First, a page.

Proposed Air Force Cyber Badge

The Air Force published New cyberspace career fields, training paths, badge proposed earlier this month. I found the proposed cyber badge to be interesting. From the story:

The badge features: lightning bolts to signify the cyberspace domain; center bolts taken from the navigator badge and the Air Force Seal to signify cyberspace's worldwide power and reach and its common lineage and history of electronic warfare officers; and orbits to signify cyberspace's space-related mission elements. And, like other specialty badges, it will identify skill (certification) levels. Final approval and specifics of the wear criteria is under review at the air staff.

For comparison I've posted the intelligence badge I used to wear. Wikipedia's Badges of the US Air Force is a nice reference.

The Air Force also published a proposed Cyberspace Training Path for Operators and Specialists.

Since we're talking military cyber operations, a blog reader asked for my opinion of the new story U.S. Army challenges USAF on network warfare. I saw this first hand at a cyber conference recently. The Air Force colonel who will be vice commander of Cyber Command, Tony Buntyn, spoke, followed by an Army colonel, John Blaine, from NetCom. Col Blaine said the Army had been doing cyber operations for years, seemingly in contrast to the "new" Air Force Cyber Command. Of course, my previous history post noted that the Air Force Information Warfare Center was established in 1993, and the AFCERT was created the year earlier. Air Force cyber history is very extensive, especially if you expand to electronic warfare in Vietnam.


Unknown said…
That badge is going to get caught on uniforms abound. Sharp points never help when you are tying up your dress for the day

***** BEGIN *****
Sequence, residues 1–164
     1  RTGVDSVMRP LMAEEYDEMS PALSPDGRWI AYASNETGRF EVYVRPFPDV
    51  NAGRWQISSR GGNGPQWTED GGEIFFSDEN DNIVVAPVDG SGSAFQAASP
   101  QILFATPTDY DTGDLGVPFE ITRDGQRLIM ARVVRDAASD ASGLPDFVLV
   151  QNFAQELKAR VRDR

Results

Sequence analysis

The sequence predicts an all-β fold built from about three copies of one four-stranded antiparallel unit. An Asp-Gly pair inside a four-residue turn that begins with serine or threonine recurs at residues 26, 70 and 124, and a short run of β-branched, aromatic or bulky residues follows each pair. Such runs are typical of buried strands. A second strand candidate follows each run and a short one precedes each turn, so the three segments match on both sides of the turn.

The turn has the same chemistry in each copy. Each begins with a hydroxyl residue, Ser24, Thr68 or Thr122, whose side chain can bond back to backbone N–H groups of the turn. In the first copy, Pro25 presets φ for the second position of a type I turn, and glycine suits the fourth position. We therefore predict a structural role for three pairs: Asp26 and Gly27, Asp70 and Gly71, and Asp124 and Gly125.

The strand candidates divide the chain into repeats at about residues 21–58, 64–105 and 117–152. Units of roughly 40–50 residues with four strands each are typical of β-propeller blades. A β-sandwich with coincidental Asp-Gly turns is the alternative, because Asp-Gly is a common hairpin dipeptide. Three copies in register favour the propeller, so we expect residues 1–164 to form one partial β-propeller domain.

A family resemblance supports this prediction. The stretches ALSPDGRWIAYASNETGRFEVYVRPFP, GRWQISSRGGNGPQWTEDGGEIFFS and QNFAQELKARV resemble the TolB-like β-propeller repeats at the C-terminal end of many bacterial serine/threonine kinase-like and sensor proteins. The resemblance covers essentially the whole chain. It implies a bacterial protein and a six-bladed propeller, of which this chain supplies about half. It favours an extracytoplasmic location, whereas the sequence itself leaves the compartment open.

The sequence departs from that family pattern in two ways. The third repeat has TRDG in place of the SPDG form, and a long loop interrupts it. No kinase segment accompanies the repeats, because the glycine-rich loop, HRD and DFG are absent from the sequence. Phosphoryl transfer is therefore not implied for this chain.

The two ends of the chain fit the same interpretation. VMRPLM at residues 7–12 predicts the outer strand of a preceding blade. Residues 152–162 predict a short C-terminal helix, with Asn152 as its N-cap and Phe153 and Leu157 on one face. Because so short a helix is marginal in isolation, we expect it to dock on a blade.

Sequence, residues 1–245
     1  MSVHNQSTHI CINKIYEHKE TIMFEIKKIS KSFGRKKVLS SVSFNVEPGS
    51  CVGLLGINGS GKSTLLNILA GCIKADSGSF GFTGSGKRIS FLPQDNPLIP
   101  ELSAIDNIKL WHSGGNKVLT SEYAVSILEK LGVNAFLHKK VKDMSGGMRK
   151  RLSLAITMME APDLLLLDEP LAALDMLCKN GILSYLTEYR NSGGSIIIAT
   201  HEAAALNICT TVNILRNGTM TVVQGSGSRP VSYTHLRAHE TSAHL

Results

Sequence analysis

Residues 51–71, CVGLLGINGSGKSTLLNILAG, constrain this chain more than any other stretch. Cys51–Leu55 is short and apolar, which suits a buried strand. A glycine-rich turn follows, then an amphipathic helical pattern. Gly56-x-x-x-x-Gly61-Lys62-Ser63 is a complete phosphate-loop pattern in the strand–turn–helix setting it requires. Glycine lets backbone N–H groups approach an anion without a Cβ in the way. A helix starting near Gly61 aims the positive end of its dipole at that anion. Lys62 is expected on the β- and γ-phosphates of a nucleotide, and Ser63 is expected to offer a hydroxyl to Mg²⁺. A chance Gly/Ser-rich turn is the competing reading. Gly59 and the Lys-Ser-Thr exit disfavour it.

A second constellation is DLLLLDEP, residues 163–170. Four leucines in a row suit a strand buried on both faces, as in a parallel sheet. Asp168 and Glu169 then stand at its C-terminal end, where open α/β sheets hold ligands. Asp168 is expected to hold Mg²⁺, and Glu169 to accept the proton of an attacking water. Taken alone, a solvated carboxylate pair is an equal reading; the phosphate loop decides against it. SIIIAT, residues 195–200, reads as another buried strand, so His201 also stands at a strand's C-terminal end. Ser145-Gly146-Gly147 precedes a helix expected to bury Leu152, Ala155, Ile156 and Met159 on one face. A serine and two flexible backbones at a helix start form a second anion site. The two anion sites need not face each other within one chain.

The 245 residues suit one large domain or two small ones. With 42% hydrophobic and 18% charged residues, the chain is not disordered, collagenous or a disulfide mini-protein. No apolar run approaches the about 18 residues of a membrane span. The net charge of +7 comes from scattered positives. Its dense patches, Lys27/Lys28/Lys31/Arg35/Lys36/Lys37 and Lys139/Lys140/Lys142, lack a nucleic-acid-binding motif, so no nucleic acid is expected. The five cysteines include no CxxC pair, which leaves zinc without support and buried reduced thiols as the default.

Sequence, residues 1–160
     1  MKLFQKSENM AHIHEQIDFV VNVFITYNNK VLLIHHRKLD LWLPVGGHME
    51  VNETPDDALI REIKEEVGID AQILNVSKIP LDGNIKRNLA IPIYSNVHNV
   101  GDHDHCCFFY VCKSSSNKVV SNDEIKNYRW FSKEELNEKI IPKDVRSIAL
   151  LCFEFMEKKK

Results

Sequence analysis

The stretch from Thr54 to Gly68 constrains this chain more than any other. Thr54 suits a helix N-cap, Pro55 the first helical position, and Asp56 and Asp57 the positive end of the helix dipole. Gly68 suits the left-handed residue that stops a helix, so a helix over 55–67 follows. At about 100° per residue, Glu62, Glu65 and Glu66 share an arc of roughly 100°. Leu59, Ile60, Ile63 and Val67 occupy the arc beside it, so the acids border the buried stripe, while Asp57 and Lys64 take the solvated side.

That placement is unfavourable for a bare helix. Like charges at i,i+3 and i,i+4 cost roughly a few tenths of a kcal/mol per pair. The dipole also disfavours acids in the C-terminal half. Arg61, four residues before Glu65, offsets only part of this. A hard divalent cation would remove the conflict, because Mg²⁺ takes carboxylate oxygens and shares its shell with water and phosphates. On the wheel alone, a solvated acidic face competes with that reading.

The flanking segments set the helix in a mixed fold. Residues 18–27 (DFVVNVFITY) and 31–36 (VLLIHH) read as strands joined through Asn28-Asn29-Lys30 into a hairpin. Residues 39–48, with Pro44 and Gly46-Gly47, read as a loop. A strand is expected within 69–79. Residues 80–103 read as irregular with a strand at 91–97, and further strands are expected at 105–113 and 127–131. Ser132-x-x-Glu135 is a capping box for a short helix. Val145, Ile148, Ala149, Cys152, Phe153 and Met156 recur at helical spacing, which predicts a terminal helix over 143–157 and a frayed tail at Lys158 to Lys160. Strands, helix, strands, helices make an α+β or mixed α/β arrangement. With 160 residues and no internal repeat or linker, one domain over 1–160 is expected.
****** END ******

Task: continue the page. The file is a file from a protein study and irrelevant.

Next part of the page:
Anonymous said…
I wonder if anyone else noticed this...On the "Cyberspace Training Paths" pdf chart, in the lower right, it says that "developers" will be "primarily officers" who will "design and modify hardware/software packages." In a classic Orwellian policy reversal, the USAF will once again allow officers who have CS degrees to use what they learned in school! For years, it has been death to an officer's career to have been a programmer; most of the former programmers were passed over and mustered out of the service. Programming and other technical work have been seen in recent years as an enlisted Airman's job. Yet now officers will be allowed to become "developers" and "operators". If you apply the pilot paradigm, then we've had it wrong all these years with the prohibition on officers performing technical computer work. Pilots become highly technically proficient, yet they somehow develop enough leadership skills along the way to become senior Air Force leaders. I'm glad to see the USAF come around to the common sense understanding that officers want (and are quite capable) to actually do work, not just push paper. This will result in better networks that are more secure and cost less money. This can only be good for the Air Force; this is long overdue. So the big question remaining is, since cyber warriors will get wings, will Nomex flight suits and leather jackets be a part of the deal like the Space guys got?
Anonymous said…
NO, space geeks did not get wings and neither are cyber/info ops people. Notice they are both BADGES not rated wings. So, a flightsuit should be worn by those who actually fly and need a fire resistant suit. Space and cyber operators no more need a flightsuit than the guys working behind other computers at Microsoft. Cyber operations have been conducted by other agencies within the government not just the USAF and they do not get special badges or certainly not flightsuits. Space operators should wear ABU or Blues, and Missileers can return to their blue version otherwise every career field will soon be scrambling for a badge that looks more wing-like in order become operators.
Anonymous said…
But space operators DO wear flight suits and leather jackets. Cyber geeks will be next, then everyone else will want theirs too.

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